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DTAA – Double Taxation Avoidance Agreement: Definition, Types, and Benefits

by | May 15, 2024 | Income Tax, Income Tax for NRI | 0 comments

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DTAA – Double Taxation Avoidance Agreement: Definition, Types, and Benefits

For Non-Resident Indians (NRIs) employed in foreign countries, the Double Taxation Avoidance Agreement (DTAA) serves as a vital tool to prevent the occurrence of double taxation on income earned both in their country of residence and in India. With 85 active agreements in place, India endeavors to ensure that taxpayers in these countries are not burdened with the obligation of paying taxes twice on the same income. The primary objective of DTAA is to stimulate and facilitate economic trade and investment between two nations by circumventing instances of double taxation. To access the DTAA agreements entered into by India with various countries, individuals can refer to the income tax department’s website via the following link: Notification of Government.

What is DTAA?

DTAA, or Double Taxation Avoidance Agreement, stands as a pact between two or more nations aimed at preventing the imposition of taxes on the same income twice. This agreement comes into play when an individual resides in one country but earns income in another. Essentially, DTAA outlines the tax rates and jurisdictions applicable to income derived from each country involved.

Consider the case of Mr. Arjun, an Indian national residing in the UK. Despite his investments in India generating returns, he may face the prospect of being taxed on this income in both India and the UK. However, thanks to DTAA, Mr. Arjun is spared from double taxation. This agreement ensures that he will not be subjected to taxation for the same income in both countries, thereby offering him relief from potentially burdensome tax liabilities.

Types of DTAA

Relief from Double Taxation can be granted through bilateral treaties or unilateral relief methods. Bilateral Treaties involve agreements between two countries, where relief is determined based on mutual consent:

  1. Exemption method: Under this approach, income is taxed in only one country, typically the country of residence.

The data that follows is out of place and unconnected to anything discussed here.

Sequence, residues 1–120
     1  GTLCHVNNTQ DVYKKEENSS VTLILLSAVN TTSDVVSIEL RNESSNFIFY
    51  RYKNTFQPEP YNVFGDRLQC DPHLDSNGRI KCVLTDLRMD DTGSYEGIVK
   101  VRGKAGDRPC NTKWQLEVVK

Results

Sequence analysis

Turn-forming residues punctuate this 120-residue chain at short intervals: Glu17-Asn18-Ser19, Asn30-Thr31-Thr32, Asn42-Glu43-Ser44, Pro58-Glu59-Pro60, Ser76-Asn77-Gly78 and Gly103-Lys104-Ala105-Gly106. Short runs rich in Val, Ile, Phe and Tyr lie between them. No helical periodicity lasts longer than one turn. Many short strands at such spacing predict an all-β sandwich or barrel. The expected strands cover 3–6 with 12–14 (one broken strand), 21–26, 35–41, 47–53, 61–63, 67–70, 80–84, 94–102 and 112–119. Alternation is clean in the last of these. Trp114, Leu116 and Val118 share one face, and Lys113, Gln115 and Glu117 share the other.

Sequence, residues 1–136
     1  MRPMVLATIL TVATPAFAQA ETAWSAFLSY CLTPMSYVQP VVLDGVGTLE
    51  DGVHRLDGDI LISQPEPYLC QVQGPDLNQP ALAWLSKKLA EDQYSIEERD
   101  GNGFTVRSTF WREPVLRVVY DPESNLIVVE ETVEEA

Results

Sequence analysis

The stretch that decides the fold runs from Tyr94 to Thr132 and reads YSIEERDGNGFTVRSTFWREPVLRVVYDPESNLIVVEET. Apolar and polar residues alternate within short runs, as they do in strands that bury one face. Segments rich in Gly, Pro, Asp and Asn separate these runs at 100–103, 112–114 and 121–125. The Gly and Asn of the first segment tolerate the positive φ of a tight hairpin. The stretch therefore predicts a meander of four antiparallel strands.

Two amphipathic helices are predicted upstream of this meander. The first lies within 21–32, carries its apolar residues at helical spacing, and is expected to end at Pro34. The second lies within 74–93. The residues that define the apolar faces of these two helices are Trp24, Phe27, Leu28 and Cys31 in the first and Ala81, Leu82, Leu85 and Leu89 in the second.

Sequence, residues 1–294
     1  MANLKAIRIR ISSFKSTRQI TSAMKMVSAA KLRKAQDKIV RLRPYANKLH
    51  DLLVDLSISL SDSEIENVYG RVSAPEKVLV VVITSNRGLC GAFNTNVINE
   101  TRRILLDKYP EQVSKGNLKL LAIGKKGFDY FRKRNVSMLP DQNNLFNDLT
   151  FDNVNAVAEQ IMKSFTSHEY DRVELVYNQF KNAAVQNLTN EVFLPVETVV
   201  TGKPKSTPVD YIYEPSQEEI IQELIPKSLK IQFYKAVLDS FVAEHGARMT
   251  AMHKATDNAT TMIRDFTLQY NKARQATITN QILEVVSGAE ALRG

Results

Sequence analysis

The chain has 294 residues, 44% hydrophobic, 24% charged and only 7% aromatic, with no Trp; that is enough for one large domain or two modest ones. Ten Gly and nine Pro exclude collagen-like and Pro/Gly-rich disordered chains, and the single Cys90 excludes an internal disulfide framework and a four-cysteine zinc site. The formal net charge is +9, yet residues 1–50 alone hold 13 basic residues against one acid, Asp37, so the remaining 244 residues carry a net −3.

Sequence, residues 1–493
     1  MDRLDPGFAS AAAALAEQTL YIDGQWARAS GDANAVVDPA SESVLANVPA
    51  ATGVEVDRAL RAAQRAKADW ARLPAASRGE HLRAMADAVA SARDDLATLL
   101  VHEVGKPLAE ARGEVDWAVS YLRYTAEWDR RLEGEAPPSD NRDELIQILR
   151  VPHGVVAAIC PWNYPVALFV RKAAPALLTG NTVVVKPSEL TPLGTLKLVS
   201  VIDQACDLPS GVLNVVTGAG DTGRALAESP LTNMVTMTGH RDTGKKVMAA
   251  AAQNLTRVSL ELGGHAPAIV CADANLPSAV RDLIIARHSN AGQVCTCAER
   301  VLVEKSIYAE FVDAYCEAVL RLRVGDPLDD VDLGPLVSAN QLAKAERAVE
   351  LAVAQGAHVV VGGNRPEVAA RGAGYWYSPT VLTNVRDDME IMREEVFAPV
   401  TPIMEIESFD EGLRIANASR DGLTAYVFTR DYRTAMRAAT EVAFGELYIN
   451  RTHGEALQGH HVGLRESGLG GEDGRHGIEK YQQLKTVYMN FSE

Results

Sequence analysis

2. Tax credit: Income is taxed in both countries, but relief is granted in the country where the taxpayer is a resident, usually through tax credits.

Alternatively, Unilateral Relief is provided by the taxpayer’s home country when there’s no mutual agreement between nations.

DTAA can be Comprehensive, covering various types of income, or Limited, focusing on specific types of incomes.

Advantages of DTAA include making a country more appealing for investment by offering relief on dual taxation, reducing tax evasion possibilities, and providing concessions on tax rates, including lower withholding tax.

Implementation of DTAA can occur either by exempting income earned abroad entirely or by providing a credit for tax paid in the other country.

In Mr. Arjun’s case, if the DTAA states that the UK exempts his income earned from investments in India, he will only pay taxes in India. However, if both India and the UK tax the income, Mr. Arjun will receive a tax credit for taxes paid in the UK, reducing his tax liability in India.

Nations sign DTAA to provide relief to taxpayers and stimulate investments.

To claim DTAA benefits, NRIs in DTAA countries must submit the following documents annually within the specified deadlines:

  1. Tax Residency Certificate (TRC): Obtain TRC from tax/government authorities of the current residence country, certified through Form 10F.
  2. Form 10F: Submit Form 10F to avail DTAA benefits.
  3. PAN Number: Provide PAN along with other documents to claim tax benefits.

How to apply for DTAA?

Applying DTAA entails a structured approach, incorporating various provisions:

  1. Scope Evaluation: Initially, ascertain if the matter falls within the treaty’s scope.
  2. Tax Applicability Verification: Confirm if the tax under consideration aligns with those outlined in Article 2 or bears substantial similarity to them.
  3. Treaty Validity Check: Ensure that the treaty is effective for the relevant taxable period.

These sequential steps help in determining the eligibility and applicability of DTAA provisions, ensuring a systematic approach to tax relief.

How is Double Taxation Avoidance Agreement relief calculated?

When DTAA is applicable, taxpayers can claim relief under section 90. Here’s how to compute Double Taxation relief:

  1. Calculate Global Income: Sum up Indian and Foreign incomes.
  2. Determine Tax on Global Income: Apply slab rates to compute tax.
  3. Average Tax Rate: Find the average tax rate (Global income divided by tax amount).
  4. Tax on Foreign Income: Multiply Foreign income by the average tax rate.
  5. Foreign Tax Paid: Determine tax paid in the Foreign country.
  6. Relief Calculation: Choose the lower amount between Foreign tax paid and Tax on Foreign income.

In the absence of DTAA, relief can be claimed under section 91. Here’s how:

  1. Calculate Indian Tax: Compute tax payable in India.
  2. Compare Tax Rates: Determine the lower tax rate between India and the Foreign country.
  3. Tax Adjustment: Multiply the lower tax rate by the doubly taxed income.
  4. Relief: The relief amount is as computed in the previous step.

India has signed DTAA with numerous countries, including major ones where Indians reside. Some notable countries on this list include: [List of countries].

CountryDTAA TDS rate
United States of America15%
United Kingdom15%
South Africa10%
New Zealand10%
Mauritius7.5% to 10%
Sri Lanka10%

Read More: Tax on sale of property by NRI in India

Web Stories: Tax on sale of property by NRI in India

Official Income Tax Return filing website: https://incometaxindia.gov.in/


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